This is getting more academic, but there are dyes that fog emulsions as well. (a lot more expensive approach than other options here.)

    In commercial reversal processing, using reducing agents that are a lot stronger than hydroquinone or ascorbate is easier because they can be mixed in a single bath to minimize the number of processing steps. But in a hobbist darkroom, stannous chloride, hydrazine derivatives and DMB are probably more pain in the azz because they are really easily oxidized by air. So thiourea or any suitable labile middle chalcogen compounds could be used in a separate bath prior to second developer. There are a large class of organic selenium compounds useful for this purpose as well (though, again, very toxic).

    I've also experimented by mixing a small amount of thiourea in developer. It surely fogs the emulsion and develop them, but I had a bit harder time in obtaining uniform results. I didn't pursue that direction to figure out why.
    Mmmmmm, this is getting VERY interesting Ryuji, I think I'm going to try it this weekend on a scrap of T-Max 100.
    I'll report asap.

  7. #27

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    Sodium hydrosulfite is very different from thiourea... I think there's a formula for a "fogging agent" based on the hydrosulfite in Grant Haist's book.

    The "sepia toner" method works well for me. I do not see any visible problems with reduced density... in fact, the dark tones are qualitatively "deeper" with thiourea toning than with re-exposure and re-development, probably because the latter does not go to completion. I pretty much use only Pan F and FP4 for reversal, so the disgusting T-grain tone doesn't bother me.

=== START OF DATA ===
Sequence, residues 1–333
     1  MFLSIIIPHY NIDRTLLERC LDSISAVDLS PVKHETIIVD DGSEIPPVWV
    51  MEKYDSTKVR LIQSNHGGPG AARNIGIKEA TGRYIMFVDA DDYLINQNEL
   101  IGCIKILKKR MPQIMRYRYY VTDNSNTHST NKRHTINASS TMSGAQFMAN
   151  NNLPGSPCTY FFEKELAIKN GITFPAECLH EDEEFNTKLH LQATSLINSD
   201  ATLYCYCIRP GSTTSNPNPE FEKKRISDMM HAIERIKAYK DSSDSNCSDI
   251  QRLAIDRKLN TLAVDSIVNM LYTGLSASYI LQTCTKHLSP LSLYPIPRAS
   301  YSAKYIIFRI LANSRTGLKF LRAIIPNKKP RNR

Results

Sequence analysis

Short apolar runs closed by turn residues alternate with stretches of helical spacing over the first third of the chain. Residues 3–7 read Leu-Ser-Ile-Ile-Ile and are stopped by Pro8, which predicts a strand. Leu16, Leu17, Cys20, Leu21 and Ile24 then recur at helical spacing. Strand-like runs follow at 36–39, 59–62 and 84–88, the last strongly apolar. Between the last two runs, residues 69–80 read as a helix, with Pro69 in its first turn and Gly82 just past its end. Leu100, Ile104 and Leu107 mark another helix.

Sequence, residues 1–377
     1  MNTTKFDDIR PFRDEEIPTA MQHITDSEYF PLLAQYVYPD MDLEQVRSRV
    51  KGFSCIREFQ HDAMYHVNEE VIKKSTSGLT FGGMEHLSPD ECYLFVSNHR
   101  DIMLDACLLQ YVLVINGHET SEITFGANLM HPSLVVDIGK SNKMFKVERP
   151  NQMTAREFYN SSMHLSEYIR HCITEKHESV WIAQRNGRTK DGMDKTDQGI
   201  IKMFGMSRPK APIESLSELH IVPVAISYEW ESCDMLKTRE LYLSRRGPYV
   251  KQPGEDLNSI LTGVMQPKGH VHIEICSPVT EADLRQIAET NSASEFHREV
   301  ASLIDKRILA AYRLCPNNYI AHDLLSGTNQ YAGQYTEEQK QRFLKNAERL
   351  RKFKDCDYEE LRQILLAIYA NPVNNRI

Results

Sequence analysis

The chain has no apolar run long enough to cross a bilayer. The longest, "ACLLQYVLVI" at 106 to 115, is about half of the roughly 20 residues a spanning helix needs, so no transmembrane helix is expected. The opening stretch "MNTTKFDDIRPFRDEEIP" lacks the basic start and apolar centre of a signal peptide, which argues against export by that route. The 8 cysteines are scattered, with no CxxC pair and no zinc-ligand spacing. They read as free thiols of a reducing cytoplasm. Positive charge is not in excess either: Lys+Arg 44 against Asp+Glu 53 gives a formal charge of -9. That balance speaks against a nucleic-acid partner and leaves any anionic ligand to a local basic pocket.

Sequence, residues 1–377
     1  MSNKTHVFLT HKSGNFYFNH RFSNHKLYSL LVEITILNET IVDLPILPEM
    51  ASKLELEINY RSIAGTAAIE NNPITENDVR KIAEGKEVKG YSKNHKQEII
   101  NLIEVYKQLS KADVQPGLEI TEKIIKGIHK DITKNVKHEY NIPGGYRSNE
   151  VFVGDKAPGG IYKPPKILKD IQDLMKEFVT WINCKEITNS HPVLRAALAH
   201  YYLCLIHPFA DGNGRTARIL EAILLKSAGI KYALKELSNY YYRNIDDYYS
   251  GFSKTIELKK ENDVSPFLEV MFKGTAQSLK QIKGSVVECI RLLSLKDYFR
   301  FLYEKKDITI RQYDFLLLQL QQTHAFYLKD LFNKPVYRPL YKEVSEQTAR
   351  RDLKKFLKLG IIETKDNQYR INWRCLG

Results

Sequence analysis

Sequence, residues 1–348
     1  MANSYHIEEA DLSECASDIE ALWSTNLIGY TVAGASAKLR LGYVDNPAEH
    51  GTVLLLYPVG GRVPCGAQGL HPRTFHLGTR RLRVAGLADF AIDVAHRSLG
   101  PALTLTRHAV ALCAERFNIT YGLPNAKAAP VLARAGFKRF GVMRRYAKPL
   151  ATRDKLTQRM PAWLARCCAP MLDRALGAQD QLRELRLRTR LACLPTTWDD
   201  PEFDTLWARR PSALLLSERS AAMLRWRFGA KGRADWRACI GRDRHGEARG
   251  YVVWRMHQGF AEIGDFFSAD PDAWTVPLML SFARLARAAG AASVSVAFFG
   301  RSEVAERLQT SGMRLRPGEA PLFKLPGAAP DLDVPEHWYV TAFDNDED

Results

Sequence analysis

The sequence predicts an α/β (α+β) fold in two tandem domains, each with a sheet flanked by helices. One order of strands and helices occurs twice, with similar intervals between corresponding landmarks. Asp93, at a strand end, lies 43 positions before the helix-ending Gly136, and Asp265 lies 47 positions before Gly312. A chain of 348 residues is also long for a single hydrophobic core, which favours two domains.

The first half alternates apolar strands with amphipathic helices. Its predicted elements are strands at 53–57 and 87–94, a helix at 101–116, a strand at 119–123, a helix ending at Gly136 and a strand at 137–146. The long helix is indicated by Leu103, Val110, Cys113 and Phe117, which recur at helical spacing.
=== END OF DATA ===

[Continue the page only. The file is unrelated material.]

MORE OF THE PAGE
8. #28

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    Kodak has published two fogging developers for B&W reversal based on sodium hydrosulfite, they are FD-70 and FD-72.

  9. #29

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    I think "hydrosulfite" is a historical misnomer. It's best called dithionite. Dithionite probably fogs grains via reduction. But I don't know how practical this agent is, as it gets oxidized and hydrolyzed rather rapidly.

    If the sepia toner method works without Dmax penalty, I think it would be advantageous in terms of image permanence and probably better granularity.


    Quote Originally Posted by Jordan
    Sodium hydrosulfite is very different from thiourea... I think there's a formula for a "fogging agent" based on the hydrosulfite in Grant Haist's book.

    The "sepia toner" method works well for me. I do not see any visible problems with reduced density... in fact, the dark tones are qualitatively "deeper" with thiourea toning than with re-exposure and re-development, probably because the latter does not go to completion. I pretty much use only Pan F and FP4 for reversal, so the disgusting T-grain tone doesn't bother me.

  10. #30
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    There are two things regarding fogging agents that we are discussing here if I am not mistaken.

    One is that thiourea can fog film and render it developable by a separate reducing agent or developing solution (fog in thiourea and then develop in developer). Another is that thiourea, under the right conditions can act as the entire reducing agent and form metallic silver directly (directly form silver image or silver sulfide image). We must distinguish between these two and the form of silver that can be formed from the two reactions. This is essentially a restatement of what Ryuji said above, but in less technical terms.

    In a similar fashion, dithionite (hydrosulfite) can probably act the same way, but I am not as familiar with it as with the thiourea.

    PE